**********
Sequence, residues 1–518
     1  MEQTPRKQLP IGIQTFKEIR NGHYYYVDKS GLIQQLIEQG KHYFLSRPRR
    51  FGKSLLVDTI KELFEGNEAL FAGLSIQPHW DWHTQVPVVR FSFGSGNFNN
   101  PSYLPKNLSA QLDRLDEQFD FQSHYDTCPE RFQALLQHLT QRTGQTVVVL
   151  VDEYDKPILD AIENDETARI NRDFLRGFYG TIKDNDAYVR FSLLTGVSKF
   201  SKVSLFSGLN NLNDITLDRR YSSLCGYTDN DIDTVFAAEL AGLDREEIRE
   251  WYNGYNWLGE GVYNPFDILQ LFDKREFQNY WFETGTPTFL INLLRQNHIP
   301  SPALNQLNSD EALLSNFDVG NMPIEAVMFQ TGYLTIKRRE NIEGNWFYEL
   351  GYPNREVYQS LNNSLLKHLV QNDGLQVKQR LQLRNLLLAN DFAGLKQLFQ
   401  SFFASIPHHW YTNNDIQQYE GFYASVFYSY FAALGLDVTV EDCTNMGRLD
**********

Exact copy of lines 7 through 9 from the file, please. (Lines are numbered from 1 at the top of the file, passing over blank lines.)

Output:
   251  WYNGYNWLGE GVYNPFDILQ LFDKREFQNY WFETGTPTFL INLLRQNHIP
   301  SPALNQLNSD EALLSNFDVG NMPIEAVMFQ TGYLTIKRRE NIEGNWFYEL
   351  GYPNREVYQS LNNSLLKHLV QNDGLQVKQR LQLRNLLLAN DFAGLKQLFQ